Cal Fire maps indicate that much of SSFL is within the fire boundaries.

Decades of nuclear and rocket-engine testing activity, including nuclear reactor accidents and other toxic spills and releases, have resulted in widespread contamination throughout SSFL’s 2,850 acre facility. Federally-funded studies indicate higher cancer incidents associated with proximity to the site. The California Dept. of Toxic Substances Control (DTSC), which has regulatory oversight over the parties responsible for cleaning up the contamination – the Dept. of Energy, NASA, and the Boeing Company – signed legally binding agreements to fully cleanup the contamination by 2017. However, the cleanup has not even begun and DTSC is considering vastly weaker cleanup plans. “If DTSC and those responsible for polluting SSFL had not broken their cleanup commitments, we wouldn’t be facing the prospect of contamination now being driven off site by the fire,” said Duffield..

“The Woolsey Fire likely released and spread radiological and chemical contamination that was in SSFL’s soil and vegetation via smoke and ash,” said Dr. Bob Dodge, President of Physicians for Social Responsibility-Los Angeles. “All wildfire smoke can be hazardous to health, but if SSFL had been cleaned up long ago as DTSC promised, we’d at least not have to worry about exposure to dangerous radionuclides and chemicals as well.”

A statement released by DTSC approximately 10 hours after the fire began said the agency doesn’t believe the fire caused the release of hazardous substances.  Mohsen Nazemi, Deputy Director for DTSC’s Brownfields & Environmental Restoration Program, participated in a community meeting Sunday night in Woodland Hills, repeating the same unfounded denials and leaving without taking questions.

“We’ve learned not to trust anything DTSC says, so we’re demanding independent testing and air monitoring for radiation and chemicals from SSFL,” said Melissa Bumstead, a West HIlls resident whose daughter has twice survived leukemia that she believes was caused by SSFL. Bumstead’s Change.org petition urging that SSFL cleanup commitments be upheld has been signed by over 430,000 people. “DTSC has made one broken promise after another, and it wasn’t truthful about SSFL’s contamination long before the fire started.” said Bumstead. “Why would we believe DTSC’s statement that the fire caused no additional risk, when they know they’re the ones responsible for SSFL still being contaminated in the first place?”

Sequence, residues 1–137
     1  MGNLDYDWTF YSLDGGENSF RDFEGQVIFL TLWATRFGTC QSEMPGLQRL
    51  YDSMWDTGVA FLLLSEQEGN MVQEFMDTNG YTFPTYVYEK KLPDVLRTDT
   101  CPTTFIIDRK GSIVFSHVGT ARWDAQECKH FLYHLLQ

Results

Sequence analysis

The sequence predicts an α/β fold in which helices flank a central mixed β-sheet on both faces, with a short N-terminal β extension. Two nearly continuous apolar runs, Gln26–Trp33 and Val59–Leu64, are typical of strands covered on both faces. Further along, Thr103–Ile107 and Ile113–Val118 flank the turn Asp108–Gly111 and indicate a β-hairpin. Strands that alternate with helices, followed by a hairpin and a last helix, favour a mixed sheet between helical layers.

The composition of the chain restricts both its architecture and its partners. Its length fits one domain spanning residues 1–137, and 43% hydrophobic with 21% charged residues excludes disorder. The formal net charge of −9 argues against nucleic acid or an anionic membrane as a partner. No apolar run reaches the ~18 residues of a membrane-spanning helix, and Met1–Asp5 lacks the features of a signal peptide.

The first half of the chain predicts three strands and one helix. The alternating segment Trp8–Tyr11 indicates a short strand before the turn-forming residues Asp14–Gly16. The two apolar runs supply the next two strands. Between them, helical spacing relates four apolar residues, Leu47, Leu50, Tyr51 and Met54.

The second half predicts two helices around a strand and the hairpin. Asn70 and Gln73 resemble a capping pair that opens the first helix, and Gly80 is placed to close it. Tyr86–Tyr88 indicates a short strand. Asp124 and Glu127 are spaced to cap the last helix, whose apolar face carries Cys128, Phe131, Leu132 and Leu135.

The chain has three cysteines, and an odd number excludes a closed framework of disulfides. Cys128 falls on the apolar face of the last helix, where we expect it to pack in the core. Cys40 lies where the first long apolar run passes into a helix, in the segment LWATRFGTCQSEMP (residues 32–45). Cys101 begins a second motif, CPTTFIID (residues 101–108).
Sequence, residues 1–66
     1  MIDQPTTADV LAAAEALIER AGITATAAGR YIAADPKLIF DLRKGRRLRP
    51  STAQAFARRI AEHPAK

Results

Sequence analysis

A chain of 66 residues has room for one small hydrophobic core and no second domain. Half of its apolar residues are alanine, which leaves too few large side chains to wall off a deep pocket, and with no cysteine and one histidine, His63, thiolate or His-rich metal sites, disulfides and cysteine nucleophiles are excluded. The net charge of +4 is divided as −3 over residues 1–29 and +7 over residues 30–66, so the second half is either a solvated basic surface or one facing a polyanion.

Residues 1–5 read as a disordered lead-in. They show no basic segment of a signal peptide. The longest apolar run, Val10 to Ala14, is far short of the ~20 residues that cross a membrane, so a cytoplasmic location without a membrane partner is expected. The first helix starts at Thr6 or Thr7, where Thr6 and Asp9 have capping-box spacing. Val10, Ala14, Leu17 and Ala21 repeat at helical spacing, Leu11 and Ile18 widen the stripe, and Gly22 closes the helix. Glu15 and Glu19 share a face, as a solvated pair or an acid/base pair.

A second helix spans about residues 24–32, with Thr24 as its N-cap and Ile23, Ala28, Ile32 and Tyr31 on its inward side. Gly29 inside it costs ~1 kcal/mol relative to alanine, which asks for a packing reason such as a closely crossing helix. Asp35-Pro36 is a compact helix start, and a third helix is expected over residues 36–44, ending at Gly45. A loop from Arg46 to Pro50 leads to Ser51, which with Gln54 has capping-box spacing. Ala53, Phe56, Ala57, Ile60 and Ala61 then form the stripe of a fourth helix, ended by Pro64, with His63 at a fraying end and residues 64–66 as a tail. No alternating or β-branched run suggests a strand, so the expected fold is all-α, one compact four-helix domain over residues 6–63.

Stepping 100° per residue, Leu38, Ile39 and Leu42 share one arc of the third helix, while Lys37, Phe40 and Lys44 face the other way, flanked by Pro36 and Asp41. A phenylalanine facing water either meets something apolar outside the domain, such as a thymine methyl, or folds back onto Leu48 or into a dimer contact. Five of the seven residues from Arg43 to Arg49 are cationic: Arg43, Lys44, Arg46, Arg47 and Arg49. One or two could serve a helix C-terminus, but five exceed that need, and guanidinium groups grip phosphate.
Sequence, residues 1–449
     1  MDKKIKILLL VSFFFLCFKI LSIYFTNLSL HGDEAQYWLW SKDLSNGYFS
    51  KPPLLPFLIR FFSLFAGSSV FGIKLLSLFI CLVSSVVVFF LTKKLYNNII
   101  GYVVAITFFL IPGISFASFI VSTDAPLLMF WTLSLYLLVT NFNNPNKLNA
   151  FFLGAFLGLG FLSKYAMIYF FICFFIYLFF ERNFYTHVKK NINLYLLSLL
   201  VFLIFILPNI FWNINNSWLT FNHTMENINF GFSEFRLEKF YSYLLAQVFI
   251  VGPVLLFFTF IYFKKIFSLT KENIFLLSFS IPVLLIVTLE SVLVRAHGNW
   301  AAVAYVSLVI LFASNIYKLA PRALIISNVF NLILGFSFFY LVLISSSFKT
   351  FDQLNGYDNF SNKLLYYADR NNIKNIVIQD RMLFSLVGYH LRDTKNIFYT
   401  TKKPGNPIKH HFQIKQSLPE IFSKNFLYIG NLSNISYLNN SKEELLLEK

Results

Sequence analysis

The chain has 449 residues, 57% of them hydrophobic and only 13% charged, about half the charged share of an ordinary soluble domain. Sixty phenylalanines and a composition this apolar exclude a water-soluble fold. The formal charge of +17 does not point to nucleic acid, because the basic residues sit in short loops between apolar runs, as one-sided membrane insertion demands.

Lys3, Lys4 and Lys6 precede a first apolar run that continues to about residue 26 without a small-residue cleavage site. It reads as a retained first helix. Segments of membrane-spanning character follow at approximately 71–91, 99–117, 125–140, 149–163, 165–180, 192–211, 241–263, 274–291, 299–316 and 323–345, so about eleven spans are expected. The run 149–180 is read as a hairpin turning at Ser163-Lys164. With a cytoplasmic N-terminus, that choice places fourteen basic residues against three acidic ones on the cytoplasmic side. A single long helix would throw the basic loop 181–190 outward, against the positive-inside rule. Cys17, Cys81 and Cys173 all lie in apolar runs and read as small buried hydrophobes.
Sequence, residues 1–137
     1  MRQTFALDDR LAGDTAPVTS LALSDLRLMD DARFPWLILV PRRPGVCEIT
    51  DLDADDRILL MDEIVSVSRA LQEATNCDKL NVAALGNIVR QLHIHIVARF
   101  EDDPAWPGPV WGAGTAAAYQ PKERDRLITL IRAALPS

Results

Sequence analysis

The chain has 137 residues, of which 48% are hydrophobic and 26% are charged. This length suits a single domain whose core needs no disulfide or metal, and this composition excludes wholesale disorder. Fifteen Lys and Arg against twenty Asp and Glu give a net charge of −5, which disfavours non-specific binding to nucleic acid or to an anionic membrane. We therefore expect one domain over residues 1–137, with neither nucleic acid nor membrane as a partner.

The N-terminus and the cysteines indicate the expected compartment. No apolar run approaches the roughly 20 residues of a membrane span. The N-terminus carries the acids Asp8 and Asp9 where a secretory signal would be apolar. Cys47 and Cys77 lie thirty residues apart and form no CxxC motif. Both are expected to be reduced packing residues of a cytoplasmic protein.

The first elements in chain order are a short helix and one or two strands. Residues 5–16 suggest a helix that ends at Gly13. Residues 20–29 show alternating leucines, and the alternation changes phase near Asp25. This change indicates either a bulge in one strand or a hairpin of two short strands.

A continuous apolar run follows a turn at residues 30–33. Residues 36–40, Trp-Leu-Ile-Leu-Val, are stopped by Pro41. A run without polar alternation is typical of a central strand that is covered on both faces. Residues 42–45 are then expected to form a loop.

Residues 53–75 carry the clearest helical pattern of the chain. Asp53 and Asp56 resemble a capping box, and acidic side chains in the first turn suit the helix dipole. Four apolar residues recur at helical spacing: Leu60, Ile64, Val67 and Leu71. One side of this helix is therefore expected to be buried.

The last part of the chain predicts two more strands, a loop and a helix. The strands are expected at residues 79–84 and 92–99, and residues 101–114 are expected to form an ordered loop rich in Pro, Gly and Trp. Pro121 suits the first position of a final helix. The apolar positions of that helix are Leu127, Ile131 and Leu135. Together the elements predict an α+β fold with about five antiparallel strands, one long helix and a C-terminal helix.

Read full article here…

 

Related Post

Visit our Classified ads.

Check out our Classified ads at the bottom of this page.

Recent stories & commentary

Classifieds

For classified advertising rates and terms, click here. The appearance of ads on this site does not signify endorsement by the publisher. We do not attempt to verify the accuracy of statements made therein or vouch for the integrity of advertisers. However, we will investigate complaints from readers and remove any message we find to be misleading or that promotes anything fraudulent, illegal, or unethical.

For Sale

Ten Days at Jekyll Island, a novel by Patrea Patrick, tells the true story of a secret meeting held in November of 1910 on a privately owned resort island, the outcome of which drastically changed the world. It was at this meeting that a banking cartel was forged; a cartel that, three years later, would be issued a government charter to do business as The United States Federal Reserve System. You will discover why secrecy was essential. Based on historical documentation from The Creature from Jekyll Island by G. Edward Griffin. (More)

 


Offline is a documentary on the inevitability of the Earth being slammed by a mega solar flare – not the common type that interrupts communications and creates a light show in the Northern skies – but the big brothers thousands of times more powerful. These monsters deliver enough energy to blow apart the master transformers that supply the planet’s energy grids. When that happens, the lights go out for longer than anyone wants to think about. These X-Class solar storms hit the Earth every 150 years, on average. The last one arrived 156 years ago. We are overdue (More)

 


Leave a Reply

avatar
  Subscribe  
Notify of